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Case Reports in Psychiatry
Volume 2019, Article ID 4562065, 3 pages
https://doi.org/10.1155/2019/4562065
Case Report

Polypharmacy Leading to Priapism in HIV Patient with Schizoaffective Disorder: A CYP450 Cascade

Southern Illinois University Child Psychiatry, P.O. Box 19674, Springfield, IL 62794, USA

Correspondence should be addressed to Vinod Sharma; moc.liamg@6903sv

Received 11 September 2018; Revised 27 November 2018; Accepted 24 December 2018; Published 3 January 2019

Academic Editor: Toshiya Inada

Copyright © 2019 Vinod Sharma and Aditi Sharma. This is an open access article distributed under the Creative Commons Attribution License, which permits unrestricted use, distribution, and reproduction in any medium, provided the original work is properly cited.

Abstract

With increasing trend of polypharmacy, there are higher chances of drug-drug interactions leading to adverse effects, especially in psychiatric patients with co-morbid chronic medical problems. This case demonstrates a schizoaffective 30-year-old male on highly active antiretroviral therapy (HAART) who reported an incident of priapism potentially caused by an interaction between previously prescribed atypical antipsychotic, trazodone, norepinephrine dopamine reuptake inhibitor (NDRI), HAART, and newly added selective serotonin reuptake inhibitor (SSRI). This case emphasizes obtaining careful medication history, understanding cytochrome P450 (CYP450) enzyme and its subtypes, and discouraging polypharmacy. Clinicians must educate their patients about different sexual side effects as these can be socially stigmatizing and can further deteriorate mental health symptoms.

1. Introduction

Priapism is defined as persistent erection of penis or clitoris that is not associated with sexual stimulation or desire. The duration of erection varies among studies, but most defined it for more than four hours. The most common cause of priapism is idiopathic, and other known causes include medications like antihypertensive drugs, selective serotonin reuptake inhibitors (SSRIs), phenothiazine, trazodone, and haloperidol; medical disorders like sickle cell disease (SCD); and illicit drugs like cocaine. The most common cause of priapism is medications in adults and SCD in children [1]. This is a case report of 30-year-old HIV-positive Caucasian male with history of schizoaffective disorder that developed painful penile erection after a single dose of sertraline 50 mg. In this case, we will discuss about different psychotropic medications and their possible interactions among themselves and with highly active antiretroviral therapy (HAART) medications that could potentially lead to priapism.

2. Case Description

A 30-year-old Caucasian male with history of schizoaffective disorder and HIV reported an episode of painful penile erection after he took a single dose of sertraline 50 mg. As reported by patient, he did not seek any medical attention and it subsided on its own within 5-6 hours. He was also taking trazodone 50 mg, bupropion 450 mg, and aripiprazole 10 mg for the past few years. He denied any previous episode of painful or painless penile erection. During the previous visit, sertraline 50 mg was added to target his depressive symptoms. After this episode of priapism, patient stopped taking sertraline and it did not happen again. His HIV medications include dolutegravir (Tivicay) 50 mg daily and emtricitabine/tenofovir disoproxil (Truvada) 200/300mg. He was very distressed and embarrassed with this episode of priapism. He denies any substance abuse or other medical problems. He denies suicidal or homicidal thoughts. His labs were checked and were unremarkable. His CD4 count was 514. He did not have any risk factors like sickle cell disease, oncological malignancy, blood dyscrasias, penile trauma, pelvic injury, or prior episode of priapism.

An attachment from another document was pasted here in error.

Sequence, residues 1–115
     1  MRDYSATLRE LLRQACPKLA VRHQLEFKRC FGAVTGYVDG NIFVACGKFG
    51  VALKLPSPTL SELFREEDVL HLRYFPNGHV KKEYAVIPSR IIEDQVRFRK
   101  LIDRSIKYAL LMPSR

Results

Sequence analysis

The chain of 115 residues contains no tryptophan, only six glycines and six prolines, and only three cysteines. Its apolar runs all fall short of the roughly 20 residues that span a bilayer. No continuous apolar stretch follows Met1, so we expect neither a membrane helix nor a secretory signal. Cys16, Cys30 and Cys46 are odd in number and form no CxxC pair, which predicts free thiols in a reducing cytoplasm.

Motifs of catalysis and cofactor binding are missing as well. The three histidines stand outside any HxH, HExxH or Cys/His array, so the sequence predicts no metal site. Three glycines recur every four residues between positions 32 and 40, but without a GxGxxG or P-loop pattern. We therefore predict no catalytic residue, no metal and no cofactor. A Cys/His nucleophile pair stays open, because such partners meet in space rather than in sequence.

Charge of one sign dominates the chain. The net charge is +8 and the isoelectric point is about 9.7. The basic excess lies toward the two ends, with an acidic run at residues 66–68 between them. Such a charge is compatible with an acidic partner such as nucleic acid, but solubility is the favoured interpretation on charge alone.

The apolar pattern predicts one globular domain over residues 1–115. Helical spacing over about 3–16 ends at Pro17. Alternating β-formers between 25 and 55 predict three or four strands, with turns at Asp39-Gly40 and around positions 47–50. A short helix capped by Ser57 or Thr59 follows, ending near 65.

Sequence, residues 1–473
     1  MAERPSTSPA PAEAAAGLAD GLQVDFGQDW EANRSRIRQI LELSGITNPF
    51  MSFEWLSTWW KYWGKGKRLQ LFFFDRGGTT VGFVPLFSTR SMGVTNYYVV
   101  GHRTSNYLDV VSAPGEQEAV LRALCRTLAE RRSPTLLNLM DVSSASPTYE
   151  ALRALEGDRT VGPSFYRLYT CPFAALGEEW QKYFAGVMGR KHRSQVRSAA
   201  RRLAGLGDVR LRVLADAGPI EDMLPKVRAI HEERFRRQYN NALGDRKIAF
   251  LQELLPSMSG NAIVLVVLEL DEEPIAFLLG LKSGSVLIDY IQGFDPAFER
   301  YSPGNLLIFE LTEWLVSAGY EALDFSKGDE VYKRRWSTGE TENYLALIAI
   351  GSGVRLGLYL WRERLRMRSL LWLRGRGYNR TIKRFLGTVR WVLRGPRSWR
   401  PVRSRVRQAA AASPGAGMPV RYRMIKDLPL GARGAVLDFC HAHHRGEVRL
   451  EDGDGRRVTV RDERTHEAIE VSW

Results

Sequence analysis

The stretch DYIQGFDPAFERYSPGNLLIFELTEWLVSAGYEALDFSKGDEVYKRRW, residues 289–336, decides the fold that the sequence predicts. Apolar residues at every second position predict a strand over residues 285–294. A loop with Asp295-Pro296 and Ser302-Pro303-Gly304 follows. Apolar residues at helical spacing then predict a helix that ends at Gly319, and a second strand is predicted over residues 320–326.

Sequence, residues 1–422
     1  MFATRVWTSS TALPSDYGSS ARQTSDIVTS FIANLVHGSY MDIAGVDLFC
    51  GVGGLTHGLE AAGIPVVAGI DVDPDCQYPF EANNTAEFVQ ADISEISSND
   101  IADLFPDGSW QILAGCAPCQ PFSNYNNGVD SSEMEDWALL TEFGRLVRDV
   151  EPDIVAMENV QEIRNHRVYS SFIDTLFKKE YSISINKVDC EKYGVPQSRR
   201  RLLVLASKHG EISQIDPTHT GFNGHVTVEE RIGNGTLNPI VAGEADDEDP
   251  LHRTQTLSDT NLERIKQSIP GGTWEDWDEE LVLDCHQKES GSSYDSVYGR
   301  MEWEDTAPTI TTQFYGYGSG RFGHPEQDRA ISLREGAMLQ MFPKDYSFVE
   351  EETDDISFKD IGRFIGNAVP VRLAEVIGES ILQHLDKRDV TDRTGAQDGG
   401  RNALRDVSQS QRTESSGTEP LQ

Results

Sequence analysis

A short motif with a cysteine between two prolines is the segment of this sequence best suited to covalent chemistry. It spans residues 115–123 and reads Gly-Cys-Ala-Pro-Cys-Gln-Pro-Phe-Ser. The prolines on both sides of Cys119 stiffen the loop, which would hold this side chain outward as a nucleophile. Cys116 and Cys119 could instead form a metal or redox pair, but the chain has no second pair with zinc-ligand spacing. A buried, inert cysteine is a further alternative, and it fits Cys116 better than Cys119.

3. Discussion

Drug induced priapism accounts for almost 30% of cases, the second most common cause after idiopathic cases. Priapism is an uncommon side effect of certain psychotropic drugs, particularly antipsychotics and trazodone. This can occur in patients shortly after they have been started on the antipsychotic medications, or in those who have been on them for a long time without dosage change. Sometimes, priapism occurred with the addition of another antipsychotic, lithium, or serotonin specific reuptake inhibitor [2]. The most common mechanism for drug-induced priapism is via alpha-adrenergic receptor antagonism especially alpha-1. SSRIs as a group have little affinity for alpha-1-adrenergic receptors and rarely cause priapism; however SSRI sertraline has higher affinity for alpha-1 adrenergic receptors than other SSRIs [3]. In this case, patient was already on trazodone which has alpha-1 antagonistic properties that is hypothesized to cause priapism. Also, there are reports of priapism with antipsychotics including aripiprazole, although it has the weakest affinity to alpha-1 adrenergic receptors. Therefore, addition of sertraline led to increased levels of trazodone and aripiprazole because of shared CYP450 and increase in alpha-1 antagonism which caused priapism. However, priapism is not a dose-dependent side effect [4].